Orthoimages provide the benefits of both aerial photography and maps, giving a bird’s eye view with the element of scale.
The constantly changing conditions in the world around us highlight the importance of having an accurate, up-to-date understanding of the environment and it’s resources. Orthophotography delivers a geospatially accurate representation of your chosen area; a map to what’s there now to help you get where you’re going.
Orthoimages provide the foundation for most public and private GIS systems and is crucial in many mapping and assessment projects.
WHAT IS AN ORTHOIMAGE?
An orthoimage is an image collected using aerial photography that has then been corrected to ensure scale, terrain relief, and tilt are represented accurately.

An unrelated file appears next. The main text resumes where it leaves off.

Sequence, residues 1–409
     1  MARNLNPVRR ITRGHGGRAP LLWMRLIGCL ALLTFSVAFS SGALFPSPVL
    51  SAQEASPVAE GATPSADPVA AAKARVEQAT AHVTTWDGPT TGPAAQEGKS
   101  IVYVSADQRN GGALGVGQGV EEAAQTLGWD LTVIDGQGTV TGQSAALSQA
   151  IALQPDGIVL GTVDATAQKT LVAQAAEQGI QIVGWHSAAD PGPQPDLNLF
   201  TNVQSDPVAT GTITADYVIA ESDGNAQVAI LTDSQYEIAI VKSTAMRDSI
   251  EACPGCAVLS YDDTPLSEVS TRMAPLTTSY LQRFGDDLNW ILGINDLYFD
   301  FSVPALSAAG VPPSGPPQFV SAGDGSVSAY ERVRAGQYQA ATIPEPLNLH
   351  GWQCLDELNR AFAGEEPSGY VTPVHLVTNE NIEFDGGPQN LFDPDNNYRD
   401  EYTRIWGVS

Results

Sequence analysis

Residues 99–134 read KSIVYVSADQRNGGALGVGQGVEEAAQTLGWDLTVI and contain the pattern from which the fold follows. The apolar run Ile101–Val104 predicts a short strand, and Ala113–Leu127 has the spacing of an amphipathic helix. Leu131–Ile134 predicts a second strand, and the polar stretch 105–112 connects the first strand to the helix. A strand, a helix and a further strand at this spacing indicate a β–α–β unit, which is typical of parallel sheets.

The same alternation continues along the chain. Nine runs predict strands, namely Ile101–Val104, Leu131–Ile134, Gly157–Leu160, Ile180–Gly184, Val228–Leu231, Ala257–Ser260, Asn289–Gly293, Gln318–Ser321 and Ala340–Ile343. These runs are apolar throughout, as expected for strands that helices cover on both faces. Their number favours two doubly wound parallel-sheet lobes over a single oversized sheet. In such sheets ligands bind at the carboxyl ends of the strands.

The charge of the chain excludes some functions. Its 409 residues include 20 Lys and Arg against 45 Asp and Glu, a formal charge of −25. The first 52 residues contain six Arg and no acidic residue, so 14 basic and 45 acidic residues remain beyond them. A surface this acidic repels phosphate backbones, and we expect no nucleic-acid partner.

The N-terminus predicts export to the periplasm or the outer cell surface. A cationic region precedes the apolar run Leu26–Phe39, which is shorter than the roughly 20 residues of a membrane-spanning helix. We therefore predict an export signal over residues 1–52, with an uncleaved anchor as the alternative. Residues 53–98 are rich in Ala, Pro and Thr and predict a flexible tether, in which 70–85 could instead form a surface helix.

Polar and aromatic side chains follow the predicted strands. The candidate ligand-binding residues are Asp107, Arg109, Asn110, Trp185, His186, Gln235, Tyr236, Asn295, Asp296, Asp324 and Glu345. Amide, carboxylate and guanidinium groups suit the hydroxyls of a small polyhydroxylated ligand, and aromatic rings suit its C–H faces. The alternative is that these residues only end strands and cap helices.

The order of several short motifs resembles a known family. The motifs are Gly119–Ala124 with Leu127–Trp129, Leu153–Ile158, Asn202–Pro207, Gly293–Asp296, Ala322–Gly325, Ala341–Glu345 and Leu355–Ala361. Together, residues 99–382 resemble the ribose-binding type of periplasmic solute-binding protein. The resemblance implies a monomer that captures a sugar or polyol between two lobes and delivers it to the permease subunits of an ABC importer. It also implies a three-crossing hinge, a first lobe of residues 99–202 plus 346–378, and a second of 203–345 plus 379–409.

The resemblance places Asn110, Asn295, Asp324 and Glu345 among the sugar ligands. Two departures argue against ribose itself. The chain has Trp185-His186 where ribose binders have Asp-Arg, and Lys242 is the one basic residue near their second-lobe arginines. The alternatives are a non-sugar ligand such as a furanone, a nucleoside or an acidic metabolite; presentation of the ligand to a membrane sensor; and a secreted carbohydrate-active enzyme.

Getting a quality orthoimage is a mathematical process. Ground points, sensor information and digital models all help inform the geometric elements of this type of image. The final product is likely the result of analysis of several photographs.
Resolution and Scaling
Orthoimage resolution represents distance, with each pixel equaling the same space on the ground. This type of scale allows you to make informed decisions about placement and routes.
Top-down imagery taken during peak daylight hours. Available in one to 1000 square mile increments. Geospatially-accurate images of the land surface at 4-inch resolution.
TYPICAL USES FOR ORTHOPHOTOGRAPHY:
• GIS basemaps
• Engineering and routing plans
• Asset management
• Right-of-way mapping
• Alignment maps
• Environmental assessment
Aerial photography as cloud-based web map service (WMS) or cloud-based web map tile service (WMTS).